Main Content Region

Current Exhibition


21 September 2023 - 19 June 2024

One in four Latin Americans has African ancestry. And yet, there is a general deficit of knowledge regarding the presence and prevalence of blackness throughout the Americas. This is more than a simple matter of obscurity. It is a problem of erasure, invisibility and dislocation. Afróntalo introduces you to four communities in Mexico and twenty-one Californians, all in their own words, to explore the depth and breadth of Afrolatine histories, cultures and identities.

News Coverage for AfróntaloBlack Voice News 10/3/2023; The IE Voice 10/2/2023Precinct Reporter 9/28/2023LAist 3/3/2023; Black Voice News 2/28/23

K-12 Tours: Cal-SOAP is organizing field trips to CSUSB that include a tour of Afróntalo and related educational and college prep programing. Request a tour.

K-12 Initiative: Following the success of our May 2022 K12 Symposium, we spearheaded a learning community for educators called Afrolatinizamos, directed by ïxkári estelle and funded through the CSUSB Department of Ethnic Studies. This group is developing resources that will be distributed free beginning in APRIL 2024. In the meantime, check out our compilation of resources for primary and secondary educators interested in infusing their classrooms with Afrolatine histories, cultures, identities, and existence, and the "Enshrining Blackness" virtual conversation that we co-sponsored with Afrolatin@ Forum in October 2023.

360 Virtual Tour: You can visit Afróntalo from anywhere with our H5P virtual exhibition (Spanish version also available), created in collaboration with the CSUSB Office of Multimedia and Immersive Technologies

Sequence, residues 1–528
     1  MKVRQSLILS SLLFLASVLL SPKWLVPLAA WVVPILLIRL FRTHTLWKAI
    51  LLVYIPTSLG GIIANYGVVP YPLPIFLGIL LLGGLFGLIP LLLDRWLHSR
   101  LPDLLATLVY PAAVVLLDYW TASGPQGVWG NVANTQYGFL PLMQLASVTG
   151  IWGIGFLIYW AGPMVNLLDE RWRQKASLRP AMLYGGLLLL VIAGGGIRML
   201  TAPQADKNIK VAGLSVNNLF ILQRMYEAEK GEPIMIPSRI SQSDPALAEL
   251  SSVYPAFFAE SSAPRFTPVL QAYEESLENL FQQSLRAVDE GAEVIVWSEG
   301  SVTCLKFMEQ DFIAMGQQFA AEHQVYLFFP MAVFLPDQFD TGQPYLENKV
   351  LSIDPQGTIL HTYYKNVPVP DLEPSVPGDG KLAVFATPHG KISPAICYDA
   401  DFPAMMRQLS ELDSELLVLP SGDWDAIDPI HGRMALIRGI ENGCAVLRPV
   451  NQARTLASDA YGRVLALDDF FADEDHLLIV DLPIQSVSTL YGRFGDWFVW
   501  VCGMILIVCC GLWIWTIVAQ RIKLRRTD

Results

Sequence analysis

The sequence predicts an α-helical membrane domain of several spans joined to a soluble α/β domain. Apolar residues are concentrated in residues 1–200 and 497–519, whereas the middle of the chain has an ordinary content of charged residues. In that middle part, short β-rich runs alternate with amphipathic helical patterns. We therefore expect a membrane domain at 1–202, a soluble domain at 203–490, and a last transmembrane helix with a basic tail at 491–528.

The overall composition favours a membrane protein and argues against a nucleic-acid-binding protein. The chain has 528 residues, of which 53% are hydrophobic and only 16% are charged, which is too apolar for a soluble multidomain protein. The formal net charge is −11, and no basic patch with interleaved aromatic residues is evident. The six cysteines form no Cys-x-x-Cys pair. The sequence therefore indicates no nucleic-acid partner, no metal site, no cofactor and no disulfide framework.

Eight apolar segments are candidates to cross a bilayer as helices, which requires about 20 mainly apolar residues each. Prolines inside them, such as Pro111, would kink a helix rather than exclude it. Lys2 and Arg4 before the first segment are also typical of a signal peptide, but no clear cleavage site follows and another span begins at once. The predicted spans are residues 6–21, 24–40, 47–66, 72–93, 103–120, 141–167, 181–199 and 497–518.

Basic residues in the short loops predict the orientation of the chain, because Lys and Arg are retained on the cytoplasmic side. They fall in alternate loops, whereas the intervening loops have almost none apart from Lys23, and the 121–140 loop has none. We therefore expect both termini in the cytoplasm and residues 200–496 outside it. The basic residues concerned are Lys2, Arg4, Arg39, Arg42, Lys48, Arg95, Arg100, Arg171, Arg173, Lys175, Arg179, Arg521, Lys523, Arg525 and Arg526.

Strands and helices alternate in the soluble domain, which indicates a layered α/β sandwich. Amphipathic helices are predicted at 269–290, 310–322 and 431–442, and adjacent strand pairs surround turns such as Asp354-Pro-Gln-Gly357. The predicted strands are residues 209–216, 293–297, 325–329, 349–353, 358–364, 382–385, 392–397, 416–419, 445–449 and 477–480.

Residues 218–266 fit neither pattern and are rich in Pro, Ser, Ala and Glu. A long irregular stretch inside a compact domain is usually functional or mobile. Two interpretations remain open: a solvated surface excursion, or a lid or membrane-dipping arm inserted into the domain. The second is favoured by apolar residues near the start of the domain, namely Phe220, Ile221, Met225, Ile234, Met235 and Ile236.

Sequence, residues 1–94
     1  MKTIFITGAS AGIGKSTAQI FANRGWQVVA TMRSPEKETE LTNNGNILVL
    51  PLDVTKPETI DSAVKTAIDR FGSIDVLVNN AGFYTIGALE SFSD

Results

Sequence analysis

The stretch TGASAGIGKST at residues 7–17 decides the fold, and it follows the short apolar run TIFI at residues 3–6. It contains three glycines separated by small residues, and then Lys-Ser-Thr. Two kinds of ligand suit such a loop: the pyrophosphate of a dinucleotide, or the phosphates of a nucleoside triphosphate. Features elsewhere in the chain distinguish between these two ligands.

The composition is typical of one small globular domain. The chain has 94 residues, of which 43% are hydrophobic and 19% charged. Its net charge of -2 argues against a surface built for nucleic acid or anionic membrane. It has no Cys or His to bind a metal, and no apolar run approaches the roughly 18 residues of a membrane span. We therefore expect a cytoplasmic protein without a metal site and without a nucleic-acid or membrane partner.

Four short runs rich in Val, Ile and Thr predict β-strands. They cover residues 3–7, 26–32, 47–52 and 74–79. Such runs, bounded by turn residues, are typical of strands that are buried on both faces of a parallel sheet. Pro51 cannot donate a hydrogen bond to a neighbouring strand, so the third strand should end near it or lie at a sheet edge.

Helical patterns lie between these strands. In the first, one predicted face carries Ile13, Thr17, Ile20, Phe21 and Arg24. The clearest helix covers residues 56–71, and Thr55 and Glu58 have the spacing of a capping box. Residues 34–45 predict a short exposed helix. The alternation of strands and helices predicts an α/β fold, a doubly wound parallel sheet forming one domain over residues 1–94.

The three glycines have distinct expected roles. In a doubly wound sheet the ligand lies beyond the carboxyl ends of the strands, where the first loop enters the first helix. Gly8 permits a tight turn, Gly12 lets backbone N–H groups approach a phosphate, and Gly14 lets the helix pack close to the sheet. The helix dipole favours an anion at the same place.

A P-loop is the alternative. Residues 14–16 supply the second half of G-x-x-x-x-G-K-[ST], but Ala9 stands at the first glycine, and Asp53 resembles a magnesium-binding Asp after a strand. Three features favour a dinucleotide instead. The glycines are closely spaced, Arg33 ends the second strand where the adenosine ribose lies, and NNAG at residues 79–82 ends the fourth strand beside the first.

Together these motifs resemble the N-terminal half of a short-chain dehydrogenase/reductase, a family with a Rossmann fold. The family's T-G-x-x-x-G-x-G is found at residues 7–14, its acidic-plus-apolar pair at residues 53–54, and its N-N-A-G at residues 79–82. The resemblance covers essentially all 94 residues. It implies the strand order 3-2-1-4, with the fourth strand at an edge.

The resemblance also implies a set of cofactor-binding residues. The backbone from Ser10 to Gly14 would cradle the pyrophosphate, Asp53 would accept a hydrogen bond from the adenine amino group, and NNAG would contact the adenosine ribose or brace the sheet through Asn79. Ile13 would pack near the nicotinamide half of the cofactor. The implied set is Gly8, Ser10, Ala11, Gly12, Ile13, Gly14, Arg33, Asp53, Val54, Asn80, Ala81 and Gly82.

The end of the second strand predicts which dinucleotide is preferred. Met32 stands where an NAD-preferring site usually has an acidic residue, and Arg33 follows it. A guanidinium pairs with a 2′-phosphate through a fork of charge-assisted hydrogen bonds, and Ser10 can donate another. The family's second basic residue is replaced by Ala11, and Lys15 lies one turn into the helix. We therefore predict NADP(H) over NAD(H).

Lotería Afrolatina: A twist on the classic Mexican bingo game, Lotería Afrolatina features 54 Afrolatine people, communities, and cultural products. Created by CSUSB students Alessandro Corsaro (art and design) and Evy Zermeno (research), the game includes the 54-card deck, 32 game boards, and a rule book with short biographies for each game icon. Non-profit organizations and educators can request a FREE copy of the game -- we have a limited number of print copies, and if we run out we will send you an electronic version to print from home/work. 

Events Sponsored | Supported by the Afróntalo Exhibition

Event details subject to change; please check back for updates

If you are in need of an accommodation, contact the Director of the Anthropology Museum at or 909-537-5505

2023 Events
Date Event Details
12 September 
Afro-Latinx Carnival (CSUSB San Manuel Student Union)
featuring Las Cafeteras, local vendors, and more!
CSUSB, Coyote Walk, 12:00 - 3:00 p.m. PST
19 September 

The AfroChicanx Oral History Project (guest lecture by Doris Careaga-Coleman)
with Charli Eaton, SSCI 3160, Race and Racism
CSUSB, Physical Sciences PS-010, 10:30 - 11:45 a.m. PST
* In person seating is limited, but you can also join us online

19 September 

Africa in the History of Mexican Music (guest lecture by Sergio Navarrete Pellicer)
with Edgar Melendez, MUS 1000, Music Forum
CSUSB, Performing Arts PA-102, 12:00 - 1:40 p.m. PST
* In person seating is limited, but you can also join us online

19 September 

Black Mascogos — From Africa to the Americas (guest lecture by Karla Rivera Tellez)
with Marc Robinson, HIST 3400 African American History 1620-1865
CSUSB, Pfau Library PL-217, 2:30 - 3:45 p.m. PST
* In person seating is limited, but you can also join us online

19 September 
Decolonizing Mexico's Museums (guest invitation only, lecture by Maria Fernanda Yáñez Uribe)
with Daisy Ocampo, HIST 3240, Decolonizing Museums
4:00 - 5:00 p.m. PST 
20 September
Race and Identity in Mexico (guest lecture by Chantell Limerick)
with Celeste Nunez, ES 1000, Introduction to Ethnic Studies